Tax Guru – Ker$tetter Letter

Helping real people win the tax game.

Archive for August 3rd, 2009

Double Depreciating Vehicles?

Posted by taxguru on August 3, 2009

Q:

Subject: Question about Section 179 Deduction

I was reading your website and had a question about section 179.

In 2007 I purchased an Expedition EL >6000 lbs. I took the $25,000 deduction, I am being audited and am being told that I can not take the milage deduction and the 179 deduction. I thought the 179 was a depreciation event and had nothing to do with deducting milage. Can you elaborate??

Thanks in advance

A:

I constantly warn people about the dangers of trying to prepare their own tax returns because it is all too easy to make simple mistakes such as the one you did.

With business vehicles, you generally have the option of claiming the IRS’s standard per mile deduction or the prorated actual expenses based on business miles to total miles for the year.

The standard mileage rate includes a factor for straight line depreciation. This was 19 cents per mile for 2007.

The Section 179 expensing election is basically a kind of very accelerated depreciation. If you claim it, you are required to use the actual expense method for that vehicle and you are not allowed to use the standard mileage rate ever for that particular vehicle because that would result in double deducting the same depreciation.

There is no nice way to say this; but you screwed things up big time by trying to deduct both Section 179 and the standard mileage rate on the same vehicle. Any professional tax preparer with even limited experience would know better than to do that.

With that kind of basic error in your tax return, there’s no telling what others you have as well, including many that probably cost you money. Before you go any further with the IRS auditor, you should hire a professional tax advisor to review your 2007 1040 and see if s/he can find some tax saving deductions that will offset the extra taxes that you are going to have to pay as a result of double deducting vehicle depreciation.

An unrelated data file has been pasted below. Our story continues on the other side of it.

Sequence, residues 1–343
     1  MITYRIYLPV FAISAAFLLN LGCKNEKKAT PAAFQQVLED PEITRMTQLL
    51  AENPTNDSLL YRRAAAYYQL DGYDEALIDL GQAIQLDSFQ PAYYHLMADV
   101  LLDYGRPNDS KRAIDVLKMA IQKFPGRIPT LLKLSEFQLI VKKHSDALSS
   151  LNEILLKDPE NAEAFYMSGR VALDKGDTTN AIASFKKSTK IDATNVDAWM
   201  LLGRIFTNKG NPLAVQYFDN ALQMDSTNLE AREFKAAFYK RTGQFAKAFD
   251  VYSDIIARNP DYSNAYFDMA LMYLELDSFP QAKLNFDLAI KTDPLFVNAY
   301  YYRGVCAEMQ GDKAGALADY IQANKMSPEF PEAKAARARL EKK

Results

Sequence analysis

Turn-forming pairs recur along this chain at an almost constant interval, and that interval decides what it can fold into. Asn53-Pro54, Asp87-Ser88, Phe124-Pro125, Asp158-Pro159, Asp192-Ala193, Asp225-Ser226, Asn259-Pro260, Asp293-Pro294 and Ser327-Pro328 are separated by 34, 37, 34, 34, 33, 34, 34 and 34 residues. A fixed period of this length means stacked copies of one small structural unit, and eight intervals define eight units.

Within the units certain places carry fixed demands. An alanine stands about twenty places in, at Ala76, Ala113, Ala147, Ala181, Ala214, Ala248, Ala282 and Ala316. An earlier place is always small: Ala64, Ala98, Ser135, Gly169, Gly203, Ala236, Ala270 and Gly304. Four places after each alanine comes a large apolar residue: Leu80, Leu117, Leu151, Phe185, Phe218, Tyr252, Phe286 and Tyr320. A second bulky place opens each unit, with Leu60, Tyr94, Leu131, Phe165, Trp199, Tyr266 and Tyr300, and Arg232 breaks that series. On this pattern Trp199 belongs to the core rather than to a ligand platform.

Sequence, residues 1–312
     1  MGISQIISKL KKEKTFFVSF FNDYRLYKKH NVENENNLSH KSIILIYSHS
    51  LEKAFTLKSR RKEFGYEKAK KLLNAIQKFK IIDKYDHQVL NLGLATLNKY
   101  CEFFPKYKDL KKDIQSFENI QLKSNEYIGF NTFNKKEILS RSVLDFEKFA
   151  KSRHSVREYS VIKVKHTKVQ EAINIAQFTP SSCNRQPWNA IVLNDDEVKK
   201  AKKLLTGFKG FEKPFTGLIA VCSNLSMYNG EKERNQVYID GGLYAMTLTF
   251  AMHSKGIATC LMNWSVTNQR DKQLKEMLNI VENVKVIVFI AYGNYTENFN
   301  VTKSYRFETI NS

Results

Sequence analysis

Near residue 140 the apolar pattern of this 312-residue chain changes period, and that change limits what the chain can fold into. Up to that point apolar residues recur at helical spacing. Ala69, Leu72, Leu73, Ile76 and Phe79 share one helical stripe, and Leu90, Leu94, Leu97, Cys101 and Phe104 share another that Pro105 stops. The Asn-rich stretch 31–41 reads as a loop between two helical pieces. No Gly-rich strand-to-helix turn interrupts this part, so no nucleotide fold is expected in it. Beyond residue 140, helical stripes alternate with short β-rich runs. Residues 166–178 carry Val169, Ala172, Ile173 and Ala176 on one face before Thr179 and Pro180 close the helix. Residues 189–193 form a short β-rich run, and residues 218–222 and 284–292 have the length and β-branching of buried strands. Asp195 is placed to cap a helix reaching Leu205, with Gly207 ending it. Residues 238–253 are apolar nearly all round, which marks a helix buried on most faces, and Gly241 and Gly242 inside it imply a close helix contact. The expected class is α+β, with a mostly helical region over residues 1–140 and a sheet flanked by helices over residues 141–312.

If you already prepared your own 2008 1040, you will also need to have a professional tax advisor fix the mistakes that it has.

I’m sorry to be the bearer of such bad news and I hope this helps you salvage some tax savings.

Kerry Kerstetter

Follow-Up:

Thanks for the quick response. The situation is not quite so bad, we found almost $20k in deductions missed.

Thanks again for your help

TaxCoach Software: Finally! Plain-English Tax Planning That Builds Your Business!

Posted in 179, Vehicles | Comments Off on Double Depreciating Vehicles?

A 360 degree policy change…

Posted by taxguru on August 3, 2009

Posted in comix, TaxHikes | Comments Off on A 360 degree policy change…

First-Time Homebuyer Credit

Posted by taxguru on August 3, 2009

Q:

I just closed escrow on the purchase of my first ever house in July 2009. Is my Realtor correct that I can file an amended 2008 tax return to claim the special credit for first time homebuyers? Is he also correct that this credit is mine to keep forever and doesn’t need to be repaid? I had read somewhere that the credit was just an interest free loan that had to be repaid on future tax returns. It sounds too good to be true.

A:

Your Realtor is correct that you won’t have to wait until April 15, 2010 to receive this credit, which can be as much as $8,000. You have the option to claim the credit on your original or amended 2008 1040, as long as the purchase has been completed.

As always, this kind of thing should be handled by a professional tax preparer, whose software should have the ability to properly calculate the credit on Form 5405. This can get tricky if your modified Adjusted Gross Income is over $75,000 ($150,000 for married couples) because that places you into the dreaded “Evil Rich” category as defined by our imperial rulers in DC.

In regard to repaying the credit, there was a change in the original program from what we had in 2008. For homes purchased in 2008, the credit must be repaid in 15 annual installments, starting with the 2010 1040. If the home ceases to be the main residence before the 15 year repayment tine is up, the remaining amount of the credit will be due in one lump sum on that year’s 1040.

For homes purchased between January 1, 2009 and December 1, 2009 (the current end of the credit qualification period), the credit does not have to ever be repaid if you use the home as your primary residence for at least three years. If you move out of the home, sell it or convert it to business or rental usage before the three year anniversary of your purchase, you will be required to repay the full amount of the credit in one lump sum on the tax return for the year in which the home ceased to be your principal residence.

If you don’t already have your own professional tax preparer, be careful of who you use to prepare the amended 1040. As IRS has announced in this press release, they have discovered some unscrupulous preparers who are soliciting clients who don’t actually qualify for the credit. If you happen to use one of those preparers, your credit will be disallowed and your full tax return will most likely be audited by IRS.

As with any tax law, there are even more twists to this one; so be sure to work with a professional tax advisor.

Good luck. I hope this helps.

Kerry Kerstetter

Posted in Credits, realty | Comments Off on First-Time Homebuyer Credit